Miami-Dade Commissioners Override Veto to Approve Industrial Project

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Miami-Dade County commissioners overrode Mayor Daniella Levine Cava’s veto of a controversial industrial project outside of the county’s urban development border (UDB) — potentially allowing the project to move forward.

Tuesday’s vote could cap a yearslong saga for the 5.9 million-square-foot development, paving the way for the first expansion of the UDB, the boundary beyond which land may not be developed, in nine years.

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Developer Aligned Real Estate Holdings originally proposed building an industrial park on 793 acres of farmland east of a mangrove preserve along Biscayne Bay, adjacent to the Florida Turnpike — a project that would add 9 million square feet of industrial space to the region. The Miami-Dade County Commission rejected that development, called South Dade Logistics and Technology District.

After several delayed votes and revisions, the developer cut the plan by about half, proposing to build on 379 acres, which commissioners approved earlier this month. But Nov. 10, Miami-Dade County Mayor Levine Cava vetoed the project.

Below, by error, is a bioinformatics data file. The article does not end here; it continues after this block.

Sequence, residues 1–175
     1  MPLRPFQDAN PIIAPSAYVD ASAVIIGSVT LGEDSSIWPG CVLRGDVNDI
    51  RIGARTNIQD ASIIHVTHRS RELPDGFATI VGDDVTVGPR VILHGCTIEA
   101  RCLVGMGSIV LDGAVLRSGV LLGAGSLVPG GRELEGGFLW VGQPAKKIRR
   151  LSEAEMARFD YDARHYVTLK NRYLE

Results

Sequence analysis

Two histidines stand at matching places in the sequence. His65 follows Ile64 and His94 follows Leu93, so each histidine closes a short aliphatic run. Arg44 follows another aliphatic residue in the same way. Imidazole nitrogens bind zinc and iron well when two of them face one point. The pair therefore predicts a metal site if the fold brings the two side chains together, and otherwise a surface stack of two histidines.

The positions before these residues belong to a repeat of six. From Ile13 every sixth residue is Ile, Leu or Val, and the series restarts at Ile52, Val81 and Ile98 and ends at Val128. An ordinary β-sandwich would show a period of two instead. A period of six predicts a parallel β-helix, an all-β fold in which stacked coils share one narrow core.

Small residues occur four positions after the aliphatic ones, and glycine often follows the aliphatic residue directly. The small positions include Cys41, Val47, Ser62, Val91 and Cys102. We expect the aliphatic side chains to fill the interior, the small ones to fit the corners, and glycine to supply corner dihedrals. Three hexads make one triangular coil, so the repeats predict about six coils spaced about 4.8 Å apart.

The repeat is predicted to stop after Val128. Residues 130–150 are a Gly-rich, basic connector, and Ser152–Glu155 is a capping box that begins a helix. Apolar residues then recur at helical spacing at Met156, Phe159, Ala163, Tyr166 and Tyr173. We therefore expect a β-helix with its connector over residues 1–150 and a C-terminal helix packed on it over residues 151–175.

The development “basically creates a license to kill and come up with a price to destroy our natural area,” the mayor said at a press conference. 

The site, near Homestead, sits in a low-lying area that’s vulnerable to flooding from hurricanes, and enough space already exists within the urban development border for such an industrial park, Cava explained. 

In the latest twist, county commissioners fired back Tuesday, voting by a margin of 8-3 to override the mayor’s veto and greenlight the project. 

“Approval of our application means the South Dade Logistics and Technology District is one step closer to bringing thousands of good-paying jobs to the fastest-growing community in all of Miami-Dade County,” a spokesperson for the South Dade Logistics and Technology District said in a statement.

As part of the agreement, the developer will donate 622 acres of environmentally sensitive land to the county’s preservation program, Environmentally Endangered Lands.

Despite the approval, environmental groups could still sue to block the development. “Stay tuned. We’re still digesting. We’re still processing,” Rachel Silverstein, executive director of Miami Waterkeeper said in a video posted to Twitter

Julia Echikson can be reached at jechikson@commercialobserver.com.